Switching between multiple ssh keys for git


Recently my company has switched code repositories, from Gitlab to GitHub. I already have a personal GitHub account so I find myself in a position where I have two GitHub accounts. I authenticate using ssh keys, but GitHub does not authenticate two separate accounts using the same keys. Despite generating a new ssh key for my new corporate account I found myself unable to access my organisations repositories.

After much scouring of stack overflow I found that the issue was down to the choice of ssh key used to access a remote git server. When you only have the one key, life is simple and there is no choice about which key git uses to connect to any remote server. However, for multiple keys we need to configure aliases for hosts that are associated with specific keys that you have generated.


Edit your ~/.ssh/config file (assuming the default location, where “~” means your home folder) with something that looks similar to below.

Host github-work
HostName github.com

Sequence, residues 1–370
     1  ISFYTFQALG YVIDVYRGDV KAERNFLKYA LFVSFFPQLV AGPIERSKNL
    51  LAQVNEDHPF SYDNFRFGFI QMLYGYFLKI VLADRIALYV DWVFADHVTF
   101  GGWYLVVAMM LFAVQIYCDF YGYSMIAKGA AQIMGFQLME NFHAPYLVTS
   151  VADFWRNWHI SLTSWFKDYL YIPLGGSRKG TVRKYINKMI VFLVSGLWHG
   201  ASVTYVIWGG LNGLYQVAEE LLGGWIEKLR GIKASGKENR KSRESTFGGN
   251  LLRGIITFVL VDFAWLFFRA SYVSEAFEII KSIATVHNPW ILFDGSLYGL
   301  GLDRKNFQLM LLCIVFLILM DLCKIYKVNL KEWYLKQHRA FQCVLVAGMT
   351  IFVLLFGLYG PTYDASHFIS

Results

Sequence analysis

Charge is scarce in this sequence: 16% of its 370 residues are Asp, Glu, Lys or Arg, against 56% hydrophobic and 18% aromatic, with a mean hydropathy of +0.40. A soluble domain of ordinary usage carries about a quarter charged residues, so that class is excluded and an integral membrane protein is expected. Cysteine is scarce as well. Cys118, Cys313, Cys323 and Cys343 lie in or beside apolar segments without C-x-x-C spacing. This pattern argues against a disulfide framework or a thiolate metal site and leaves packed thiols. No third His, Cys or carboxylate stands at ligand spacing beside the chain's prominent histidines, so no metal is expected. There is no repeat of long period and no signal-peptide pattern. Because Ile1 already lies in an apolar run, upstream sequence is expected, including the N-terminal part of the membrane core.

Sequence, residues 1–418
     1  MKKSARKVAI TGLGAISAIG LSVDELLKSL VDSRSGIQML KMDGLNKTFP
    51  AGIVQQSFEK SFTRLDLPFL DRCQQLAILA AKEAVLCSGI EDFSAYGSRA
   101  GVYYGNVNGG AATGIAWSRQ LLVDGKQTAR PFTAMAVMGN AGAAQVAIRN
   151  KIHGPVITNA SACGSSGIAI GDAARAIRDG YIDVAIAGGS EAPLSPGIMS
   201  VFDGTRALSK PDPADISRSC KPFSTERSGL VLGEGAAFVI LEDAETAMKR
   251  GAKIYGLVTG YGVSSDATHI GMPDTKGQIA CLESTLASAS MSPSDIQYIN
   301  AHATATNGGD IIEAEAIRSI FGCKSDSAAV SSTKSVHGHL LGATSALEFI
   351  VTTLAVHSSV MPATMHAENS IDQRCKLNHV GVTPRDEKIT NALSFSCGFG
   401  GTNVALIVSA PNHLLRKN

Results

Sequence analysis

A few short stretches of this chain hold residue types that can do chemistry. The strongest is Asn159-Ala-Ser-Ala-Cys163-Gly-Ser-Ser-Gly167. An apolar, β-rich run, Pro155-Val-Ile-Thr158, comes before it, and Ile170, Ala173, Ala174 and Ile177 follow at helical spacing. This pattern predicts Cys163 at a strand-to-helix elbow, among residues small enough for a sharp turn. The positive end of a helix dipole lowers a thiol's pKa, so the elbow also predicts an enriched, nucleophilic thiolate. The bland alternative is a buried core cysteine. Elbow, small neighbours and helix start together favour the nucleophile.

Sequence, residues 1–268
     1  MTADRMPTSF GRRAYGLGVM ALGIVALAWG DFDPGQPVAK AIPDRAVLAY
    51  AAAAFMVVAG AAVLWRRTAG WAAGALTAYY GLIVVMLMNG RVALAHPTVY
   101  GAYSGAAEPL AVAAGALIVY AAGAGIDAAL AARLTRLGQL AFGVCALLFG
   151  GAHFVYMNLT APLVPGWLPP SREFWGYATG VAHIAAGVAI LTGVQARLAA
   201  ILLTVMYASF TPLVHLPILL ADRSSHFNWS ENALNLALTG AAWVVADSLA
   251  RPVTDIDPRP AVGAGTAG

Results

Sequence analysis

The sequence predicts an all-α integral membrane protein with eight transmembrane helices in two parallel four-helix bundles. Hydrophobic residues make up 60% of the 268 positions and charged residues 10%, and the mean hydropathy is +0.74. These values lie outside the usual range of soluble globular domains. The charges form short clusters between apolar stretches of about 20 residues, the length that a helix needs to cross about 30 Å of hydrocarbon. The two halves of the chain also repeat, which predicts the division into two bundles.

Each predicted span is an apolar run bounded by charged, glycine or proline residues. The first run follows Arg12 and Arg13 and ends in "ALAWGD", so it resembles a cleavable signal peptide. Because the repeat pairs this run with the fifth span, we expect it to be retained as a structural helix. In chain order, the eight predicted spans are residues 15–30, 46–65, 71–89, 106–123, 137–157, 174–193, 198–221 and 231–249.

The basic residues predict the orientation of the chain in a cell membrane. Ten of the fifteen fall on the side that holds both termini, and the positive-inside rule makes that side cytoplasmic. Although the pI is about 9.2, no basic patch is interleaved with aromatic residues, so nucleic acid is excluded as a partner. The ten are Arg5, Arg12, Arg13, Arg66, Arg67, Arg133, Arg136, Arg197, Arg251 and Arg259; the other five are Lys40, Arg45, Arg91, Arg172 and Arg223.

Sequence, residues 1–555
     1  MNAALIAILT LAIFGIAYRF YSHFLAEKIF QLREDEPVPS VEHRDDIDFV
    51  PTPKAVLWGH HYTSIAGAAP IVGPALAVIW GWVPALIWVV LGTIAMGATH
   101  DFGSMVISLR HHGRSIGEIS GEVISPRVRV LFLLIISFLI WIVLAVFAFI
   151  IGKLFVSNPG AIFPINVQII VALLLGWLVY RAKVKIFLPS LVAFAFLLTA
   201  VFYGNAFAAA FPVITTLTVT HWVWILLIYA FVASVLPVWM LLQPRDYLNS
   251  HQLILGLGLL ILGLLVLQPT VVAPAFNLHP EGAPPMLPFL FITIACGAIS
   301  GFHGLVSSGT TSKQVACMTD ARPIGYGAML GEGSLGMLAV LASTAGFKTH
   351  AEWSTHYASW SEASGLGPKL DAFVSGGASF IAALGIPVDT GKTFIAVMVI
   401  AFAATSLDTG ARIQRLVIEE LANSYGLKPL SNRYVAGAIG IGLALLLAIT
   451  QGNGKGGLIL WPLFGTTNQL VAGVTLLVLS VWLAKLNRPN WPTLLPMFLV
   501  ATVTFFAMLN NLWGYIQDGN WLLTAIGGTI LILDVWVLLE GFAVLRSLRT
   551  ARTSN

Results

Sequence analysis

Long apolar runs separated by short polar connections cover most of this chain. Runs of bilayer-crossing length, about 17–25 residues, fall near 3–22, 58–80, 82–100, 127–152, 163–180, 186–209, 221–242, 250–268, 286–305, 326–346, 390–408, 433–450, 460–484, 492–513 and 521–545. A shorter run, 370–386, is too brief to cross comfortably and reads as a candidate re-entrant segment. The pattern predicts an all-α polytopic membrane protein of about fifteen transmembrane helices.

User mywork_account
IdentityFile ~/.ssh/work_private_key
IdentitiesOnly yes

Host github-home
HostName github.com
User myhome_account
IdentityFile ~/.ssh/home_private_key
IdentitiesOnly yes

After editing your configuration file as above you can execute e.g., git remote add origin git@github-work:path-to-my-repository.git, to add a remote to your repository that refers to the correct alias. The above configuration is a thorough example but you could omit one alias (“github-home” for example) and any remote that does not include the reference to “github-work” would use the first key you generated (in this example, “home_private_key”.)

Richard Davey
Richard Davey
Group Leader, Data & Decision Science

My interests include earth science, numerical modelling and problem solving through optimisation.